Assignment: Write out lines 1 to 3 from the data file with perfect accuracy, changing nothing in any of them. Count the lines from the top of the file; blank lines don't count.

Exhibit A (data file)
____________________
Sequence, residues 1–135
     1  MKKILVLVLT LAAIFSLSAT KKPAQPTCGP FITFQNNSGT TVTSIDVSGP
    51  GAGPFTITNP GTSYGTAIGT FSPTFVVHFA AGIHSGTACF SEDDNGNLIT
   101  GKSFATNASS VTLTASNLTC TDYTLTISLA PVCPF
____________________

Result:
Sequence, residues 1–135
     1  MKKILVLVLT LAAIFSLSAT KKPAQPTCGP FITFQNNSGT TVTSIDVSGP
    51  GAGPFTITNP GTSYGTAIGT FSPTFVVHFA AGIHSGTACF SEDDNGNLIT